Turkey’s Erdoğan says pollsters’ Istanbul rerun surveys are manipulated
Turkish President Recep Tayyip Erdoğan said on Thursday that surveys by Turkish pollsters showing the opposition candidate far ahead in the rerun of the Istanbul mayoral election had been manipulated.
The real poll will take place on Sunday when the election is held, pro-government Sabah newspaper quoted the president as saying.
Voters in Istanbul will head to the polls on Sunday to choose their mayor for the second time this year, after Turkey’s Supreme Election Council ruled in favour of an appeal launched by the the ruling Justice and Development Party (AKP) and annulled the March 31 polls in the city.
Several pollsters have put the main opposition Republican People’s Party (CHP)’s Ekrem İmamoğlu ahead in the race. If the predictions pan out, İmamoğlu will reclaim the mayor’s mandate that he held for less than three weeks after beating his AKP rival by a slim margin in the first race.
“There are manipulations in election surveys. They are conducted according to orders. The real survey will be conducted on Sunday, this will give the most ideal result,” Erdoğan said during a briefing with foreign reporters.
“We will accept the results, ultimately these polls are symbolic,” T24 news site quoted Erdoğan as saying in relation to Sunday polls.
İbrahim Uslu, the head of Turkish pollster ANAR, said last week the two leading candidates for the Istanbul mayor’s seat were still neck-and-neck in the race. Konda, one of Turkey’s leading pollsters, said on Wednesday that İmamoğlu would win Istanbul’s mayoral vote with 54 percent of the vote to 45 percent won by his AKP rival, Binali Yıldırım.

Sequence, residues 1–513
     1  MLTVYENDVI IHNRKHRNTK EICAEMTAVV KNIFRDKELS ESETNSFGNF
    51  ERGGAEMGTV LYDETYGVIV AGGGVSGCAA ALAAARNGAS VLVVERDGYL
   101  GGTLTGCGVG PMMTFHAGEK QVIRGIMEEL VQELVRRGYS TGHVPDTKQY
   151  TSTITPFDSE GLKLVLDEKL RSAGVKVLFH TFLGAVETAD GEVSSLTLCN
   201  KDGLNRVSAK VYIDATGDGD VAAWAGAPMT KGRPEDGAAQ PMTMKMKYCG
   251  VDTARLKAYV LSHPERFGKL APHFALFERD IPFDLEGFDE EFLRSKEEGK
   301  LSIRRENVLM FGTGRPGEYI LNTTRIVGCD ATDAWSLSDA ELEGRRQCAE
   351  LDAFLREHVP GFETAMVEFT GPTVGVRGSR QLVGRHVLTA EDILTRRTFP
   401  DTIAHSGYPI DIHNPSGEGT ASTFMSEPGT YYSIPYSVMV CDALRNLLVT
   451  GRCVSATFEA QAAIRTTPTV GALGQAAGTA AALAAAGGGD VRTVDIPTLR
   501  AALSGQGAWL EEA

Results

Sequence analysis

Influential Turkish pollster Metropoll put the CHP candidate 10 points ahead of his rival, Turkish independent news outlet Gazete Duvar reported.
Another well-known pollster, Gezici, on Thursday announced that it would not share its survey results with the public, adding that pollsters had been negatively affected from the deep polarisation in the country.
The pollster’s head, Murat Gezici, told Voice of America that his company had said before the March 31 vote that the result in Istanbul would be the subject of discussion for months.
“Again, in a similar way, there will be an election result in the polls ahead which we will discuss for weeks, for months, but this should be managed in a sound way,” Gezici said.
According to Gezici, due to the polarisation in the country, the results could lead to unrest similar to that witnessed during the 2013 Gezi protests, the biggest anti-government demonstrations since President Recep Tayyip Erdoğan's Islamist government came to power in 2002.
“There may be a result that will not make either the opposition or the government happy,” the pollster said.